Alleged Terrorist’s Parents|Testify Through Tears

     PORTLAND, Ore. (CN) – The parents of the alleged “Christmas tree bomber” testified Monday that they worried that their son was being “brainwashed” by extremists, and wanted him to stay in the United States to get a college education.
     Mohamed Mohamud, 21, is charged with attempted use of a weapon of mass destruction: plotting to detonate a van full of explosives at a 2010 Christmas tree lighting ceremony in downtown Portland.
     Mohamud, born in Somalia, was raised in Beaverton, Ore. and was studying engineering at Oregon State University when he was arrested, the day after Thanksgiving in 2010.
     His parents, Osman and Mariam Barre, testified as defense witnesses Monday. They have been in U.S. District Judge Garr King’s courtroom for every day of their son’s trial.
     Osman Barre came to the United States as a refugee in 1993, fleeing the civil war that had broken out in 1991.
     He wept as he told how he had to leave behind his wife and 2-year old son, Mohamed. He said that his wife and young son were “malnourished, suffering, but happy” when they arrived in Oregon the next year.
     “We were grateful for America,” Osman said. The refugee family was sponsored by several Portland-area churches.
     In Somalia, Osman testified, he had been a university lecturer with an engineering degree. He is now a software engineer.
     As a child, his father said, Mohamed enjoyed swimming, reading Harry Potter novels and watching the Portland Trailblazers. But he said his son suffered an “identity crisis” as an African Muslim in a new country.
     During a family trip to London in 2008, Osman said, his son was enamored by the Muslim culture there.
     “Dad, can we come here?” Osman recalled his son asking.
     “I was very strict with my kids,” Osman testified. When his son expressed interest in studying religion in a Muslim country, Osman said, he told him he should finish his studies in the United States, and that he could travel abroad “when you’re mature enough.”
     “I brought you here to give you a life of prosperity,” he told him. He said he had high expectations for Mohamed, his first-born son.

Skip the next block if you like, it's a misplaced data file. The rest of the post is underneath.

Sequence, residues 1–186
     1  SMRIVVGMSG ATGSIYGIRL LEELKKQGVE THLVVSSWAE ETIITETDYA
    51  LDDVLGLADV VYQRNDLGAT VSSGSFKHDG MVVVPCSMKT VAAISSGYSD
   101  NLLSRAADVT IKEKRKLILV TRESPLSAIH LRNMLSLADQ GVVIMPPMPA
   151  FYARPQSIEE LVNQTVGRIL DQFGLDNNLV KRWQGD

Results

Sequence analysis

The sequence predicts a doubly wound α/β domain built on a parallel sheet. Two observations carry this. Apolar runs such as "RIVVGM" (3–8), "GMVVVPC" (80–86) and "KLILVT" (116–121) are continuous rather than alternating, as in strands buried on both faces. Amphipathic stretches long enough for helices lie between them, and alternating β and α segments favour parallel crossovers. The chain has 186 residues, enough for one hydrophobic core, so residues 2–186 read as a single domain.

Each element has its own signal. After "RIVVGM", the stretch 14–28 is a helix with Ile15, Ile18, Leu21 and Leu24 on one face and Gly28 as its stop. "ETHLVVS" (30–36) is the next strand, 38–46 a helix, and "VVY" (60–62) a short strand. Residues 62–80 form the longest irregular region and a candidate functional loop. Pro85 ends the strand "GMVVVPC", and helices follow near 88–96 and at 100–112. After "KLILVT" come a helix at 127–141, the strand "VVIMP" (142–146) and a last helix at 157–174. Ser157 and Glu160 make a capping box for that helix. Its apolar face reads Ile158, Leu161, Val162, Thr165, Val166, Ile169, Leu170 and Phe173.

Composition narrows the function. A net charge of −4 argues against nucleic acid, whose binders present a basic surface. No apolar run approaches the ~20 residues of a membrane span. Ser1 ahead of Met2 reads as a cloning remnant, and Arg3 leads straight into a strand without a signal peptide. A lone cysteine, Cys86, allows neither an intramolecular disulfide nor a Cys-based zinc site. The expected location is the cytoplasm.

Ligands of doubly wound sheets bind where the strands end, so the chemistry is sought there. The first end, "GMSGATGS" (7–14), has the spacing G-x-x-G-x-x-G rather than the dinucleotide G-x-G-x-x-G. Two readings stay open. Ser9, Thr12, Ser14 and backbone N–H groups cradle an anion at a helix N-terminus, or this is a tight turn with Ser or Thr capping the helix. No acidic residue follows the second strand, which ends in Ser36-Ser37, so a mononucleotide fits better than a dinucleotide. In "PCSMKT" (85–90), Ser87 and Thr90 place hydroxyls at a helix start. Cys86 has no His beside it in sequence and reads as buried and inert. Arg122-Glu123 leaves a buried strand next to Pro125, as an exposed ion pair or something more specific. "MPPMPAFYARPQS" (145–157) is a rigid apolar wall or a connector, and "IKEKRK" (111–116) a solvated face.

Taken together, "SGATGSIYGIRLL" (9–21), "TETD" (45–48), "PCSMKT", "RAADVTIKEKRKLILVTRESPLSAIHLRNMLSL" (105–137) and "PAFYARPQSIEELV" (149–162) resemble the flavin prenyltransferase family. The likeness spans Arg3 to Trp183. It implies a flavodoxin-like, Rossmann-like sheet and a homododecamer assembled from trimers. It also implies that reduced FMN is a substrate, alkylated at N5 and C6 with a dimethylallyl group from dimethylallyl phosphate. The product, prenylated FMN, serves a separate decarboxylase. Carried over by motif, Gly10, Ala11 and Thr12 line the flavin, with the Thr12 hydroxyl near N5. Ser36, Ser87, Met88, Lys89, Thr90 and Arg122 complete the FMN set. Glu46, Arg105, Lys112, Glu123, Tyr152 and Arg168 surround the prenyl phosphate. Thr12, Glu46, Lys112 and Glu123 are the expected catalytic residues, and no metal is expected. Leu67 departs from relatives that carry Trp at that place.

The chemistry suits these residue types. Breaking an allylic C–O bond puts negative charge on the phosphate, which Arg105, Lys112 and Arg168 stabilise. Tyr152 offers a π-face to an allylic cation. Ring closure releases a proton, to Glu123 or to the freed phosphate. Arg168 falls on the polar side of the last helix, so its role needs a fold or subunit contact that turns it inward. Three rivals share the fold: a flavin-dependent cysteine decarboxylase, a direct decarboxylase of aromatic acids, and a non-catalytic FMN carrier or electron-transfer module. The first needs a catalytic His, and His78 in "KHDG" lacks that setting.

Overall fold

Osman recounted events in August 2009, when he and his wife Mariam were separating. Around that time, Mohamed told his father he had a visa, passport and ticket, and was traveling to Yemen.
     “As a parent, I panicked,” Osman said. He called the FBI to try to get them to stop Mohamed from leaving the country. Because Mohamed was an adult, the FBI told Osman they could not stop him.
     “Technically he may be an adult,” Osman recalled saying. “But he’s still a kid, and he’s immature.”
     Osman said his son was “easy to influence” and that someone might “take advantage of his weakness.”
     Both Osman and Mariam testified that they feared for their son’s safety because they had heard about young Somali men in Minneapolis who had been “brainwashed” by overseas militants and had abruptly left the U.S.
     Mariam shed tears as she told the jury that she knew a woman who had lost her young son when he went to fight alongside Somali militants.
     In the summer of 2010, Mohamed planned to travel to Alaska to work on a fishing boat. Osman bought a plane ticket for his son, but when his parents took him to the airport, they learned he was on a no-fly list.
     Unbeknownst to Mohamed and his parents, the FBI already knew about the young man’s plans to travel to Alaska.
     At the Portland airport, Mohamed and his parents were approached by two FBI agents, who then questioned them in a private room.
     “I was upset because I thought they were profiling my kid because I had called the FBI,” Osman testified.
     He said he told his son not to worry about being on the no-fly list, and that he would hire a lawyer to clear up the situation.
     Wanting to keep his son busy for the summer, Osman said he arranged for him get other jobs that summer, in Oregon.
     Then Mohamed’s mother Mariam testified. She spoke softly and appeared to be fighting back tears at times.
     Asked by public defender Steve Sady to describe conditions in Mogadishu, Mariam used two words after a long pause: “Terrible. War.”
     She talked briefly about being separated from her husband shortly after Mohamed was born. She said that “educated people” such as her husband were being killed in the Somali civil war, so he had to flee.
     Mariam and Mohamed moved to the United States in 1994. She spoke no English, and had never heard of Portland. But she described the move as “beginning our life again.”
     She became a U.S. citizen, and said that now “I feel as equal as everyone in this court.” She works for a company that contracts with the U.S. Postal Service.
     Mariam said her son seemed to enjoy learning, and picked up English very quickly. He had many friends, “nice young kids” of “every different color.”
     The day she learned her son had been arrested, Mariam said, Osman called her on her drive home from work.
     “I’ll tell you later when you’re not driving,” her husband told her. “This is bad.”
     Both parents testified that they visit their son in jail every weekend.

%d bloggers like this: